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a way of life gone

'We'll depopulate - and very, very quickly the island will be gone'

The people of Inis Meáin are campaigning hard to get a second teacher for their primary school – but so far their protests are falling on deaf ears.

THE POPULATION OF one of the Aran Islands is beseeching education minister Jan O’Sullivan to provide for a second teacher for their island’s one primary school.

Inis Meáin (Inishmaan), off the coast of Galway is the middle of the three main Aran Islands. It has a population of about 150, a secondary school (that provides post-primary education for all the Islands), and one primary school.

That primary school, Scoil Náisiúnta Inis Meáin, currently has one employee, Orlaith Breathnach, who acts as both principal and teacher to 9 children, ranging in age from 4 to 13 years.

Think about that – one teacher to control (and educate) students ranging across six different classes, in one room, with no back-up whatsoever.

The situation is one the islanders, and Breathnach, are not one bit happy about.

orlbre Orlaith Breathnach

“Before, we had a special dispensation which we received in 2002, for one school islands – that meant we could have two teachers if we had at least eight students – but that has gone out the window with the current government,” she told

The school lost its second teacher in 2012 when its enrolment dropped to six.

20150716_184934 Scoil Náisiúnta Inis Meáin

Members of the island’s community met TDs in Dublin this week to defend their school from practical closure – something they see as a fast-track to the depopulation of the island.

“It almost looks like there is a policy to starve our school into extinction,” said one parent at the meeting, Ruairí de Blacam.

It’s like the Department is saying to parents, we don’t care about your children. Just leave the island and go elsewhere.

Without a functioning primary school there will be no motivation for young families to live and work on the island, say parents.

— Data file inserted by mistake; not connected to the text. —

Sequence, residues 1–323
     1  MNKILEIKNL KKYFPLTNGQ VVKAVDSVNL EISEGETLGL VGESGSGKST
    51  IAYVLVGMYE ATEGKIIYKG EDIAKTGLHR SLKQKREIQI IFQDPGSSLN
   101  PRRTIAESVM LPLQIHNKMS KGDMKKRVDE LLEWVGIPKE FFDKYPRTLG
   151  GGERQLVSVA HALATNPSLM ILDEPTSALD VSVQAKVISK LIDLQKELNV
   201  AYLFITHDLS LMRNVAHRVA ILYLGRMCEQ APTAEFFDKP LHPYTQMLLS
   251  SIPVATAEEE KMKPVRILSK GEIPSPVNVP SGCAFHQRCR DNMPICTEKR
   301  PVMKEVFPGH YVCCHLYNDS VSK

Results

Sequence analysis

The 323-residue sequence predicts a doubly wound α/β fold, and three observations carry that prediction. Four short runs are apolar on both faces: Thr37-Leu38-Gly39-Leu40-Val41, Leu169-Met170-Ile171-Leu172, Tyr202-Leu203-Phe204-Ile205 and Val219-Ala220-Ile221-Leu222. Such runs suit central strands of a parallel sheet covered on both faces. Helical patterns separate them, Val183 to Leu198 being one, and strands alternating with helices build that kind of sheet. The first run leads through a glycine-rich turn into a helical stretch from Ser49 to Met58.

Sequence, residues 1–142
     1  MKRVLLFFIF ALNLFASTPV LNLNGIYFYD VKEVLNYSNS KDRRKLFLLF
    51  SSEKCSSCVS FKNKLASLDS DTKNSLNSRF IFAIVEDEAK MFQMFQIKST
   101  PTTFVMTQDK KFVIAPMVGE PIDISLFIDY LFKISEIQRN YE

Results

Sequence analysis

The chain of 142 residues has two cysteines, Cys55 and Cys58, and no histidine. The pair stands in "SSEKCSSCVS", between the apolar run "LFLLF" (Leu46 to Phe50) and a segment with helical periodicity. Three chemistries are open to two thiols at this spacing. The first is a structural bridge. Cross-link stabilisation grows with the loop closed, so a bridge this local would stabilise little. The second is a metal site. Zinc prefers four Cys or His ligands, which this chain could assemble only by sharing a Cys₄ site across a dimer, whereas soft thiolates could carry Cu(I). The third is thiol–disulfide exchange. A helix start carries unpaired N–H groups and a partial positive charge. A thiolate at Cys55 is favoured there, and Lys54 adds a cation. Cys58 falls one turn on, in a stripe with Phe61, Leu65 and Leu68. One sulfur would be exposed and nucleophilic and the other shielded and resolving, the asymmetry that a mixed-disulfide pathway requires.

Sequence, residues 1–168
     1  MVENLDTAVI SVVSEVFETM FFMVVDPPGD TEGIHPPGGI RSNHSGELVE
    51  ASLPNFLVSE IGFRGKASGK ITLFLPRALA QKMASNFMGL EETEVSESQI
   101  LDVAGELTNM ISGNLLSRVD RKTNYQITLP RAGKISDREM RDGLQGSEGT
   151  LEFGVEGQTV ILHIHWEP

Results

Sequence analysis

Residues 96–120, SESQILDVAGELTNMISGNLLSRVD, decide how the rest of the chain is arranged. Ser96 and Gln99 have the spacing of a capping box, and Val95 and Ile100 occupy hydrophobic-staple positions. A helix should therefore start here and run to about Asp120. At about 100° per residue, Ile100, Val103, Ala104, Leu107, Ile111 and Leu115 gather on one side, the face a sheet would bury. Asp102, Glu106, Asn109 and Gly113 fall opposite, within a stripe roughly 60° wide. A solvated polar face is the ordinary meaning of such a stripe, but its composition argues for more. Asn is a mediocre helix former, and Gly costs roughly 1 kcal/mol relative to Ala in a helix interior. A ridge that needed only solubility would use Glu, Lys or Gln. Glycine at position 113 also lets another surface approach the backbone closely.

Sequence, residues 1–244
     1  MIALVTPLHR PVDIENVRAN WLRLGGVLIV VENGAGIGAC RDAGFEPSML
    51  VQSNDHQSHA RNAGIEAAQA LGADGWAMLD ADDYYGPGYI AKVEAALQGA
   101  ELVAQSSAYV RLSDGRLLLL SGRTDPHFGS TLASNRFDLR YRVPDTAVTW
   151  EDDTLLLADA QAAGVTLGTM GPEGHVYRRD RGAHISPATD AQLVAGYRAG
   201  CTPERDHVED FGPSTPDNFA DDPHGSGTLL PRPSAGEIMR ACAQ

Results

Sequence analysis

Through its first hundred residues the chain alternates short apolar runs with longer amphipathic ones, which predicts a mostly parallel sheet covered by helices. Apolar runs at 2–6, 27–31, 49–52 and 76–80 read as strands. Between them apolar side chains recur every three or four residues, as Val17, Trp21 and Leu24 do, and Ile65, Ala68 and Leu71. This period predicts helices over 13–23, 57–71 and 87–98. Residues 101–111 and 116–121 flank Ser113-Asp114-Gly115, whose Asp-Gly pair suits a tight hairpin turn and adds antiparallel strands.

“It’s crazy, half of our enrolment have no Irish (the school teaches through Irish exclusively) – if it were the case that they had no English (which is the case with just one child) it would be grounds to get a second teacher, but not the other way round,” says Breathnach, a Dublin native who married and has been living and working on the island since 1996.

Leaving Cert Exams Results Minister for Education Jan O'Sullivan Laura Hutton / Laura Hutton / /

She says that all the politicians and people they met in Dublin this week were in complete agreement with the school’s plight (including Gaeltacht minister Joe McHugh, Éamon Ó Cuív (Fianna Fáil), Derek Nolan (Labour), and Trevor Ó Clochartaigh (Sinn Féin)) – unfortunately the one person who matters, education minister Jan O’Sullivan, was not present.

A Department of Education spokesperson acknowledged to that one school islands off the Irish coast have special dispensation to employ two teachers once the school’s population is greater than 8.


However,  the reason why Scoil Náisiúnta has been denied a further teaching post for next year is because “the key factor for determining the level of staffing resources provided at individual school level is the staffing schedule for the relevant school year and pupil enrolments on the previous 30 September”.

This seems a little counter-intuitive, as obviously needs will change from year to year.

“An appeals process is available to small schools in the event that they can show that their projected enrolments are sufficient to allow them to retain their classroom teacher in the longer term. Circular 0005/2015 provides the criteria under which schools can make an appeal. The Appeal Board operates independently of the Department and its decision is final,” said the spokesperson.

The final meeting of the Primary Staffing Appeals Board to consider appeals for the 2015/16 school year will be held in October, 2015.

9201086151_df04f12ee3_o Inis Meáin, as viewed from an Aer Arran flight Calflier001 Calflier001

“October 2015 will obviously be far too late,” says Breathnach.

It seems to me like the department is determined to do nothing. And it’s not like Jan O’Sullivan isn’t aware of all this. She is very, very aware of what’s going on. This isn’t a new issue.

It’s children’s basic right to an education that is being violated – it’s an impossible situation.

What will happen is people won’t be happy to send their children to school here. They’ll see it as not a safe school, not a viable school, and then what other choice will they have but to leave the island. And very, very quickly the island will be gone.

Breathnach believes that legal action may be the only option left open to the residents of the island.

“There are two separate cases to be answered I’m informed – children’s right to an education, and my right to fair working conditions,” she says.

If it comes to that, how little sense does that make? Because any legal case will end up costing the department a hell of a lot more than the 30 or 40 thousand it would cost to employ another teacher.

Read: Here are the places in Ireland that could become UNESCO Heritage Sites

Read: “Someone I could say nothing but nice things about” – Galway village devastated by death of local GAA star in Croatia

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